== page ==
A consortium of lenders headed by Punjab National Bank (PNB) has decided to conduct a forensic audit of debt-laden steel maker, Bhushan Steel, and appoint three nominee directors on the company’s board. The forensic audit, to be carried out by an external audit firm, is aimed at checking if there was a diversion of funds and if the loans were used for the purpose those were extended. Life Insurance Corporation, ICICI Bank and PNB will each nominate a member on Bhushan Steel’s board.
The decision comes within days of Neeraj Singal, the steel company’s vice-chairman & managing director, being arrested by the Central Bureau of Investigation (CBI) in connection with a case of allegedly bribing S K Jain, Syndicate Bank’s now-suspended chairman & managing director. CBI had arrested Jain for the alleged graft.
In total, 35 banks have a combined exposure of around Rs 40,000 crore to the troubled steel maker — both in working-capital loans and term loans. These loans, however, are still standard on the books of the lenders.
Bankers say the operations continue to be satisfactory, but the company has been facing liquidity issues. The banks are, therefore, acting swiftly to resolve the issue so that their loans do not turn non-performing. This is in line with the Reserve Bank of India’s emphasis on early detection and quick action on stressed assets to avoid NPA creation.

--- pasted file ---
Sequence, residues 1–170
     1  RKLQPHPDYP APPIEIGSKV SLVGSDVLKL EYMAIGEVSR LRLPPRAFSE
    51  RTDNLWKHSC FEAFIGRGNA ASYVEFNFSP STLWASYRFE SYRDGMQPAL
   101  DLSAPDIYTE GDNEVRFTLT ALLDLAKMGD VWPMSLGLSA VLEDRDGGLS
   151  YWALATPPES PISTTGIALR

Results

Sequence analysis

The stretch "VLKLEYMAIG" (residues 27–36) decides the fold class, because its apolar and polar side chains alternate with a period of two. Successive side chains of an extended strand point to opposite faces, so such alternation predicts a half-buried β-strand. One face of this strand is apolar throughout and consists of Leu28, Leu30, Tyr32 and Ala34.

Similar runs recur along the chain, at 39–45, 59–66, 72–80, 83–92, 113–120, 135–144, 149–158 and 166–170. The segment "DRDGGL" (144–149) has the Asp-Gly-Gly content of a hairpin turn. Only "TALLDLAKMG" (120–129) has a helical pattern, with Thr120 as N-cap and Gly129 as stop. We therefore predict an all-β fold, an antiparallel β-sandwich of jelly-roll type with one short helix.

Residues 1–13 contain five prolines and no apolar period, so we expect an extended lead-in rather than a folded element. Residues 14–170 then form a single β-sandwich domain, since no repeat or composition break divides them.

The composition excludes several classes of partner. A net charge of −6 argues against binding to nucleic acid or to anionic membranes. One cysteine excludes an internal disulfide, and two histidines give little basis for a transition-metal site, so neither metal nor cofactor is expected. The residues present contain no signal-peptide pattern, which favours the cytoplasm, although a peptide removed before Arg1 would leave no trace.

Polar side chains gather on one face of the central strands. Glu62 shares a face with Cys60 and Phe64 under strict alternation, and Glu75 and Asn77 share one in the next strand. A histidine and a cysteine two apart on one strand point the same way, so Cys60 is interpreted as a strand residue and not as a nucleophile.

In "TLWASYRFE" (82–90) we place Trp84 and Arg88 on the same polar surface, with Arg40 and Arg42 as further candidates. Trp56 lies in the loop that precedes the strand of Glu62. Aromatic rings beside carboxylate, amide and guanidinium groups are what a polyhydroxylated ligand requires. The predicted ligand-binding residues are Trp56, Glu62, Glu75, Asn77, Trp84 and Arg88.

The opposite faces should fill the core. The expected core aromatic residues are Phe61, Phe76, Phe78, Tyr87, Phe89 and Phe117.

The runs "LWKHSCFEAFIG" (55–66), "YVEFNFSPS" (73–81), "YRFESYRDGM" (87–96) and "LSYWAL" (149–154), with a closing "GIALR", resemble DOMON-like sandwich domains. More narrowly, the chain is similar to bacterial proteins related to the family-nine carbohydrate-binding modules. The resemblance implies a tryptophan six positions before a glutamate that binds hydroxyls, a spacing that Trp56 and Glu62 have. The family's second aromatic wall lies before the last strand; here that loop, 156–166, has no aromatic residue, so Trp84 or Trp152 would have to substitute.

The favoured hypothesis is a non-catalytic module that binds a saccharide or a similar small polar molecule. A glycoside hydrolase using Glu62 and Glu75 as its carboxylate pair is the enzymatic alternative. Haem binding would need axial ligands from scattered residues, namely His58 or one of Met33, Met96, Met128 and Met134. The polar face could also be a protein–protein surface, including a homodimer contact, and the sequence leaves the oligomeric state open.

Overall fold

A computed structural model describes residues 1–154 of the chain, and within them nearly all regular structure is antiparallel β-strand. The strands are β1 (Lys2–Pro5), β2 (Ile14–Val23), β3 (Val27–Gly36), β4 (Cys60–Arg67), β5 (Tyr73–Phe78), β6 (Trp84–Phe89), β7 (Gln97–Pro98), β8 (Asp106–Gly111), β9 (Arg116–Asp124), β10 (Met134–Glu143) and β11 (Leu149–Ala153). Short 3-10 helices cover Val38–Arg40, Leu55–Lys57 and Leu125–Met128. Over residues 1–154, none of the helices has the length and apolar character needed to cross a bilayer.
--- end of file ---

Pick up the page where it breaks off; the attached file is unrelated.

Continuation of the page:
PNB, the consortium leader for working-capital loans, on Monday convened a meeting of lenders in New Delhi. The steel company’s representatives were also present at the meeting. Bankers decided to appoint an audit firm as concurrent auditor to monitor the cash flow on a daily basis and an independent engineer to monitor the operations of the company and the projects under ramp-up.
“The Company (Bhushan) confirmed the professional management of the company was intact as on date and the operations of the company were normal,” PNB said in a statement.
The banks noted there had been an improvement in production volume and the performance in value terms was in line with estimates. “The bankers reviewed the performance and took cognisance of the hitherto satisfactory operations of the company,” the statement said.
The banks also asked the borrower to deleverage by equity infusion. But Bhushan said that would take time. So, the steel maker has been asked to liquidate some of its non-core assets. “We have asked (the company) to sell assets that are not critical to its operations,” said a banker.
Bhushan Steel is among the country’s most indebted steel makers, with a debt-to-equity ratio of 3.5 as at the end 2013-14. The ratio rises to nearly four if deferred tax liability and other liabilities are included. In 2013-14, Bhushan Steel’s net sales declined 10 per cent from the previous year, while its operating and net profit declined 18.3 and 93.2 per cent, respectively. By comparison, its interest cost rose 29.2 per cent to Rs 1,663 crore and ate 60 per cent of its operating profit. In the past three years, the company’s net sales have grown around 50 per cent, while its interest burden has more than tripled. At this rate, the company is expected to run out of cash to service debt by the end of the current financial year.